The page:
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 New top cop seeks to fix broken trust

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Registration date : 2007-04-06

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PostSubject: New top cop seeks to fix broken trust   New top cop seeks to fix broken trust Icon_minitimeFri Nov 30, 2007 10:26 pm

Nov 29,

A career FBI agent stepped gingerly into his new role as Chicago's top cop Thursday, pledging to rebuild public trust in a department tainted by brutality and corruption while assuring street cops that he has their back.

Mayor Richard Daley on Thursday tapped J.P. "Jody" Weis, the first outside superintendent in almost five decades, as he acknowledged that his police force has suffered from diminished public confidence.

Weis, 49, who climbed the ranks of the FBI, will face the delicate balancing act of having his officers fight violent street crime aggressively while demonstrating sensitivity to minority communities that view some officers as overly forceful and abusive.

"There are still too many neighborhoods in our city that are plagued by gangs, guns and drugs and where violence must be fought proactively day by day and block by block," Daley said at a City Hall news conference. "At the same time, because some officers have fundamentally abused their trust with the people of Chicago, public confidence in the Police Department has eroded. If we're doing all we can to lower crime in Chicago, people must have confidence that the Police Department is doing its job to 'protect and serve' them."

As he introduced himself to the city, Weis sought to balance his two imperatives of soothing a beleaguered police force and gaining the confidence of residents who distrust police.

Weis vowed to reach out to city neighborhoods and said he "will begin with those communities where we sense the widest gulf between the police and our residents."

"I will begin a dialogue that will be continuous," he said.

At the same time, he said he does not want officers "to shy away from assertive, quality, good policing, and assertive policing oftentimes will lead to complaints."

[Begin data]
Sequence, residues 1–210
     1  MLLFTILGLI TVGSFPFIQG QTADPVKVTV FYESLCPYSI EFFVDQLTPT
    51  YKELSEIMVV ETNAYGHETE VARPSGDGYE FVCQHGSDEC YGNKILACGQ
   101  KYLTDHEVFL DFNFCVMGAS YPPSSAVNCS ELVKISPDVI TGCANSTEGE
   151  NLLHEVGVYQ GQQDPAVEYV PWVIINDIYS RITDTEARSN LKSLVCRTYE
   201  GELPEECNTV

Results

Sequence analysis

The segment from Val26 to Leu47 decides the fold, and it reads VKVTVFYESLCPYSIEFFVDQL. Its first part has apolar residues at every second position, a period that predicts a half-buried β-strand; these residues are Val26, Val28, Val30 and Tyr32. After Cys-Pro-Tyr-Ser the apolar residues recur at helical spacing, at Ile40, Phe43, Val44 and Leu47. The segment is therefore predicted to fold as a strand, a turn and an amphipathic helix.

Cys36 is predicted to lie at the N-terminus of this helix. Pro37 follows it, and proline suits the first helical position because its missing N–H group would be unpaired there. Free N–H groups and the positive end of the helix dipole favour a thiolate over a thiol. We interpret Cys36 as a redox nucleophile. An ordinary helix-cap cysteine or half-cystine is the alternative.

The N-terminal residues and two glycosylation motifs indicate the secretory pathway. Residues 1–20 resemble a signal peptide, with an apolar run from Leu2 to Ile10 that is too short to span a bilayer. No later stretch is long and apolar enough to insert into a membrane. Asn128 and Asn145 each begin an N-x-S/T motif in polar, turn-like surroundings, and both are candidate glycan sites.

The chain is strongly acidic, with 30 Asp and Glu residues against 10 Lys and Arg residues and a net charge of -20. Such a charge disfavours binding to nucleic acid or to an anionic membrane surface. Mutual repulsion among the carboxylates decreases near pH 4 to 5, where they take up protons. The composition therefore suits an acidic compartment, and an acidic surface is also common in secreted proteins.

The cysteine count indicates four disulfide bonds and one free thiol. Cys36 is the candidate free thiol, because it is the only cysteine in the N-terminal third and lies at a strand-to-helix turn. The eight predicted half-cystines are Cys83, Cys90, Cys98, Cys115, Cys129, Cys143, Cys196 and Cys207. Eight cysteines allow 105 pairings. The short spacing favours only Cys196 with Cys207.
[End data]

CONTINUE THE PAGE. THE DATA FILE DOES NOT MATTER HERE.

Depending on the nature of the offense, cops guilty of wrongdoing will face everything from retraining to prosecution, Weis said.

But "I think all too often we rush to judgment when we don't know all the facts," he said. For officers who "are doing their job and they are working within the framework of the law and the policies of this department, I will have their back 100 percent."

Ald. Toni Preckwinkle (4th), who has been a critic of police abuses, was wary of the choice but said she was willing to give Weis a chance. She said he has "got to make it clear that he is not going to tolerate the abuse of citizens."

There is a difference between aggressive and rogue behavior "and he has to make it clear he understands that distinction," she said.

A minority candidate probably would have been "more attentive" to the need for a diversified command in the department's top ranks, Preckwinkle said. "But I will give the guy a break and see how he does."

Assuming City Council approval, Weis would be the first outsider to head the department in nearly five decades. He would be the highest-paid official on the city's payroll, with a $300,000-a-year salary that far exceeds the mayor's $216,210.

The last non-Chicagoan to run the department was O.W. Wilson, a respected criminologist from the University of California at Berkeley. That was in 1960, and the selection was by the mayor's father, the late Mayor Richard J. Daley. Like his son, the elder Daley was faced with scandal. Eight officers from the old Summerdale police district were caught operating a burglary ring.
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